The president of Niger, Tandja Mamadou, has been captured and imprisoned by a group of Nigerien soldiers under the name of “Supreme Council for the Restoration of Democracy” after an attack on the presidential palace late Thursday.
The Nigerien embassy in London has issued a statement saying that both the president and ministers in his company were “safe and well,” although officials said that the company was most likely imprisoned in military barracks outside of Niamy.
According to an announcement by the representative of the group responsible for the coup, a Nigerien Army colonel, the country’s constitution has been suspended and all government institutions have been dissolved. It is not clear who the leader of the coup is, although several military sources said that Major Adamou Harouna of the Nigerien Army was responsible. Read More…
According to Niger’s election commission, President Mamadou Tandja’s party won a large majority in the parliament after recent elections held on Tuesday.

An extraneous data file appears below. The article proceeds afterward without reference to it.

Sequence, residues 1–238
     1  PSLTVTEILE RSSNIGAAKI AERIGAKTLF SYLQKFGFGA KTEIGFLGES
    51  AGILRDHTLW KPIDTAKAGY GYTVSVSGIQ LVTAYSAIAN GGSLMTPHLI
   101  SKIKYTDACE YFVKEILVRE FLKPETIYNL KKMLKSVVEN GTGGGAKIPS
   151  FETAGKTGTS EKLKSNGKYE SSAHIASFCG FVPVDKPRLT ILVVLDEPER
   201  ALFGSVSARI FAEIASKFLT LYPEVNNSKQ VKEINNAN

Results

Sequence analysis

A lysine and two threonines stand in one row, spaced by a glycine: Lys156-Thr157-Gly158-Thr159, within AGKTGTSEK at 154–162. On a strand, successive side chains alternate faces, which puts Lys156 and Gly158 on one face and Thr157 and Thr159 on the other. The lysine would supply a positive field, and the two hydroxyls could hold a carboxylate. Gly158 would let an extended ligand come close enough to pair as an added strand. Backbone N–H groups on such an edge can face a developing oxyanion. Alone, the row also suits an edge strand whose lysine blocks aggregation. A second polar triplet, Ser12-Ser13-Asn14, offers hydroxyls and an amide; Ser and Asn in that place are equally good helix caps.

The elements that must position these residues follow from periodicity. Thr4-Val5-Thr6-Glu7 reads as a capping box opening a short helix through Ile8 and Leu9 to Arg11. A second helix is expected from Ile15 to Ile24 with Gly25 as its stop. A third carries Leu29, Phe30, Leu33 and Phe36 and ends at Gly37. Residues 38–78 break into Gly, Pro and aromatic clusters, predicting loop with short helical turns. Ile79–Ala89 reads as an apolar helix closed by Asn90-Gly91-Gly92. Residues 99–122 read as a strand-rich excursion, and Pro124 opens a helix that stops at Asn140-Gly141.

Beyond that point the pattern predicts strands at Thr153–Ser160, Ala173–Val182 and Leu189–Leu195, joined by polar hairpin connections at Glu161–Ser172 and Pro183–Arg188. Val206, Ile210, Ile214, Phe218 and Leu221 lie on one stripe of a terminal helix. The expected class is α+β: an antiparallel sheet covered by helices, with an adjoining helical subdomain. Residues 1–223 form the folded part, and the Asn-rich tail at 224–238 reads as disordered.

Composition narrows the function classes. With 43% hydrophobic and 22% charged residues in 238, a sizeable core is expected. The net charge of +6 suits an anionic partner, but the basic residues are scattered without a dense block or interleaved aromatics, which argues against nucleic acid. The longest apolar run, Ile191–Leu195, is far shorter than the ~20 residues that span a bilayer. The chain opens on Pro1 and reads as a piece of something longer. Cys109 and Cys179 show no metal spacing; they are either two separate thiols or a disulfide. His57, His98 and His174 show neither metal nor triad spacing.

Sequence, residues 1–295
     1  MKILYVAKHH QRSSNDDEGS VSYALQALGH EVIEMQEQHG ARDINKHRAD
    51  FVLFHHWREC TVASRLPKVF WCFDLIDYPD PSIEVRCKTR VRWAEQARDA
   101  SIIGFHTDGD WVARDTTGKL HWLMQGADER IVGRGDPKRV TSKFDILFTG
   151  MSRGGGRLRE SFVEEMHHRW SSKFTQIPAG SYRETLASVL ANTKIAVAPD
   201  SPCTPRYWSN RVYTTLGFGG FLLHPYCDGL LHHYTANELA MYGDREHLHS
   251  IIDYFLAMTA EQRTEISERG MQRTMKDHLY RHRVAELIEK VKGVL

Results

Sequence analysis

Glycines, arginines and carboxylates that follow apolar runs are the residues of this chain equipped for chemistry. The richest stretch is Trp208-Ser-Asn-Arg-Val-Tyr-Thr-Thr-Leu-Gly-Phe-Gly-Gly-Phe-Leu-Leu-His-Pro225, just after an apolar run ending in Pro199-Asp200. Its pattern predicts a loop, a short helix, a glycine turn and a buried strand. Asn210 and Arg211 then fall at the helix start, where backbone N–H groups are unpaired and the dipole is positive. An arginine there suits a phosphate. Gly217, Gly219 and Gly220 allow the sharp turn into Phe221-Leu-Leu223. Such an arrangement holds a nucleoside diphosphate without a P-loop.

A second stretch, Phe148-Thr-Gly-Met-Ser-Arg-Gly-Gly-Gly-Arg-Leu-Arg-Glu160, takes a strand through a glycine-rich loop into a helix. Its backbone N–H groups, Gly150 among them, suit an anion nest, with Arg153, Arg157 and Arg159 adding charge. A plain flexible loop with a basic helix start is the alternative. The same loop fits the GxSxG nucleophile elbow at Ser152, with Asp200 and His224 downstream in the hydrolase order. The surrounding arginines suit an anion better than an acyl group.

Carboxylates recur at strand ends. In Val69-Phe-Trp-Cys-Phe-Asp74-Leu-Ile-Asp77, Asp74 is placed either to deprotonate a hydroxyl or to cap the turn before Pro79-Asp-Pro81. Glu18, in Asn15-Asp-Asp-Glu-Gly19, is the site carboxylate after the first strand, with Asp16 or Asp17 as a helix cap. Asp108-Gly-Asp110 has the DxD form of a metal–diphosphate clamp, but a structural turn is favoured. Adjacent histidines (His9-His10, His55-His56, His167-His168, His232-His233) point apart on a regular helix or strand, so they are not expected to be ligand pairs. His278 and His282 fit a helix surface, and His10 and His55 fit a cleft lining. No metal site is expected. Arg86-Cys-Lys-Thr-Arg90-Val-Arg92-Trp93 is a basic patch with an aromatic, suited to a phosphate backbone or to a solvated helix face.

76 of 113 total seats were taken by Tandja’s party, and a further 21 seats were taken by smaller parties supportive of the president. Twelve independents also received seats in the parliament. Opposition parties boycotted the ballot after Tandja altered the constitution to allow him to extend his time in office past the limit of ten years, and seek a third term. Read More…
According to the United Nations’ humanitarian agency, severe flooding in Burkina Faso has affected over 100,000 people, following the country’s heaviest rainfall for ninety years.
Thousands of homes in the vicinity of Ouagadougou, the country’s capital, have been destroyed by the waters. Officials requested international aid for those affected by the disaster.
“I would like to join the government’s appeal for blankets, clothes and food, because there really is an urgent need for these things,” Ouagadougou’s mayor Simon Compaore said. Read More…
SAT-3 cable damage caused internet blackouts in multiple west African countries including Benin, Togo, Niger, and Nigeria. Togo and Niger were “completely offline” and Benin was able to “reroute its net traffic through neighboring countries.”
However, the three nations were able to use alternative satellite links in order to maintain some Internet communication with the rest of the world. Nigeria suffered a 70% loss of bandwidth that caused problems in banking, government and other mobile networks.
President of the Nigeria Internet Group, Lanre Ajayi, said, “[the cable is] a critical national resource because of its importance to the economy and to security.”